ent areas of the vulva at different times, and it may be con-
stant or occur only every once in a while. Vulvar vestibulitis
syndrome is specifically characterized by pain in the vesti-
bule and usually occurs in premenopausal women. In this
condition, pain occurs with vaginal entry by the penis or
a tampon [1,2].
Patients with vulvodynia usually describe their pain as
a chronic burning in the vulvovestibular area that typically
lasts more than 3 months. Before a diagnosis of vulvodynia
is made, other vulvovaginal problems should be ruled out
[3,4]. Vulvodynia not only causes pain, but often leads to
sexual dysfunction, including arousal and orgasmic diffi-
culty [3,4]. For many women, it reduces overall personal
health and quality of life.
The etiology of vulvodynia is not clear, and because of
Korean J Urol 2013;54:48-52
A Retrospective Study of the Management of Vulvodynia
FIG. 1. The process of pain mapping and intralesional botulinum toxin A injection. (A) Using the Q-tip test, all painful areas were
checked for intensity and localization. (B) Pain was scored by use of a visual analogue scale and mapped. (C) Botulinum toxin A was
injected on the basis of the pain map (20 IU in each site, up to a maximal total dose of 100 IU).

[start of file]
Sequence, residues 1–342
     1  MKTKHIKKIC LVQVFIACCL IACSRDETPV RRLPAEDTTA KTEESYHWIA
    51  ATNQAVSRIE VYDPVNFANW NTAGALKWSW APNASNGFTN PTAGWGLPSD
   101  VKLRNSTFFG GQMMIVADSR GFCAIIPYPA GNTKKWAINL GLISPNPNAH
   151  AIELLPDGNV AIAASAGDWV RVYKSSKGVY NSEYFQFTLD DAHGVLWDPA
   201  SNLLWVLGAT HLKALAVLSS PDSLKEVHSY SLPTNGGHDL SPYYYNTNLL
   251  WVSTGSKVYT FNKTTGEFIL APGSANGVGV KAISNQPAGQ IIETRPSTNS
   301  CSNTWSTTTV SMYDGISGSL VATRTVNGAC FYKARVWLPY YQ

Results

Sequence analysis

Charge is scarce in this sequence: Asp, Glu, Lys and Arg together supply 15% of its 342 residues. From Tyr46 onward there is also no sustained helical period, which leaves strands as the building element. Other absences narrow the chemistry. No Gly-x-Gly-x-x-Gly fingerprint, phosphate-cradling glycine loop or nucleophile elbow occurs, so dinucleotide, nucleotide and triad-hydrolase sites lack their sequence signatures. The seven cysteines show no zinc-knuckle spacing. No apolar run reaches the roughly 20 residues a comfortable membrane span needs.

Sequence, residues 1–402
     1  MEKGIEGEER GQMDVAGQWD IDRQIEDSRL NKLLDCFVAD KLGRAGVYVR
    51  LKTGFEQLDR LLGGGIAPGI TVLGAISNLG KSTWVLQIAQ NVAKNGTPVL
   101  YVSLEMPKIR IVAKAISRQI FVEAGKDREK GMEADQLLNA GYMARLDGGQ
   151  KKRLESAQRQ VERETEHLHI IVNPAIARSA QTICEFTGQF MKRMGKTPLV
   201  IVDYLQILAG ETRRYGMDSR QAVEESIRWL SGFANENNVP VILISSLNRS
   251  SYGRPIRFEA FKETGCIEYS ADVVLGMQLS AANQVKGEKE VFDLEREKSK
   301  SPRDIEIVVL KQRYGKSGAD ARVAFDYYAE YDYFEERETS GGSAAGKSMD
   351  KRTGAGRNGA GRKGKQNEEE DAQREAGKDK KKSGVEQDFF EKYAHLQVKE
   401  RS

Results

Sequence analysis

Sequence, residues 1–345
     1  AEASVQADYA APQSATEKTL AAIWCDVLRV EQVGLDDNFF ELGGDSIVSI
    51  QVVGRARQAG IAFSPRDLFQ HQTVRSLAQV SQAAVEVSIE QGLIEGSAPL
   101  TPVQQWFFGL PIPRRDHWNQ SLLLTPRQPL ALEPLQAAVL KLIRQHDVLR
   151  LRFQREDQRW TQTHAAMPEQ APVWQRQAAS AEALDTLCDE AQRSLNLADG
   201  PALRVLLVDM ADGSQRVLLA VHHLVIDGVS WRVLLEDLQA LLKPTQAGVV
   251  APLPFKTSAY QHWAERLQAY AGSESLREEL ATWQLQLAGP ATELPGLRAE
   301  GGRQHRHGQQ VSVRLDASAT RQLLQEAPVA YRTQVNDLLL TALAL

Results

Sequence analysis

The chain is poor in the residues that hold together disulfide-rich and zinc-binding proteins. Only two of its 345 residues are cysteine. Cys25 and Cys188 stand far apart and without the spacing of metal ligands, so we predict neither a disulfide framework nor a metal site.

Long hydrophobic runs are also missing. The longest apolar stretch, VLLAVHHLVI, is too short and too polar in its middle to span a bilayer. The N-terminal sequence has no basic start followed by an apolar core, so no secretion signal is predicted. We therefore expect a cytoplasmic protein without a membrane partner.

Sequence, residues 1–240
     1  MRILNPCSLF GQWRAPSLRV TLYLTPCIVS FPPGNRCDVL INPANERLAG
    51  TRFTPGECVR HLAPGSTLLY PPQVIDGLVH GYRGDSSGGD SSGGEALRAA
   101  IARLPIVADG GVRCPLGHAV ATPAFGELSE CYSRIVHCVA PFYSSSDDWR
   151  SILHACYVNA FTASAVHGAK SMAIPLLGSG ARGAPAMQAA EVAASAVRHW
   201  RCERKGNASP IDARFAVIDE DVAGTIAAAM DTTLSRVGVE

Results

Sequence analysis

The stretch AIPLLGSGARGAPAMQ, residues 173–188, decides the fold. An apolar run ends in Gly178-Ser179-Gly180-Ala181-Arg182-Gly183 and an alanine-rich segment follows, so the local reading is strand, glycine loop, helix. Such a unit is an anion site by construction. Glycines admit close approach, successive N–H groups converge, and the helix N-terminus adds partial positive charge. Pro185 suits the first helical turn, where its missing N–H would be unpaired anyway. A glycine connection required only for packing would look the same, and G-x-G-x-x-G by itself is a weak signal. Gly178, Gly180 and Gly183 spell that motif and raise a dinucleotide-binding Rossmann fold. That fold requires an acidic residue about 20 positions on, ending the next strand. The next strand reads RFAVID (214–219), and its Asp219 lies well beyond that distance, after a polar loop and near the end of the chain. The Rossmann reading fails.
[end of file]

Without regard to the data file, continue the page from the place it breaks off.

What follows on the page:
this, many patients do not receive optimal treatment. The
most common type of vulvodynia is vulvar vestibulitis syn-
drome, which usually has an acute onset . Vulvodynia
is generally associated with vaginitis, changes in sexual ac-
tivity, and a history of medical procedures on the vulva such
as cryotherapy or laser treatment (after which it often be-
comes a chronic problem). With vulvodynia in general, vul-
var pain is variable in intensity, from mild to disabling.
Patients may feel burning, stinging, rawness, aching, sore-
ness, or throbbing that occurs in the vulva, labia, or vagina.
A large proportion of patients attend multiple medical con-
sultations before receiving a diagnosis, and no single treat-
ment or combination of treatments have been shown to con-
sistently improve the symptoms. Recently, gabapentin a
γ-aminobutyric acid (GABA) analogue anticonvulsant and
botulinum toxin A have been shown to be effective in treat-
ing vulvodynia [3,6]. In this study, we performed a retro-
spective analysis of the clinical characteristics and the out-
comes of these 2 drugs in the treatment of patients with
MATERIALS AND METHODS
This study was conducted by use of data from 73 patients
presenting with sexual dysfunction and vulvodynia out of
164 total women with vulvar pain who visited our clinic
from 2002 to 2010. We reviewed the patients’ medical his-
tories and noted the type of drugs administered for pain
treatment and the duration of treatment. We also per-
formed physical examinations, including a vaginal exami-
nation and vulvovaginal pain mapping with a cotton tip,
to determine the location and degree of pain and to rule out
other treatable causes of vulvar pain, such as infections of
the vagina or uterus and genitourinary benign or malig-
nant tumors. Vulvodynia was diagnosed if the patient had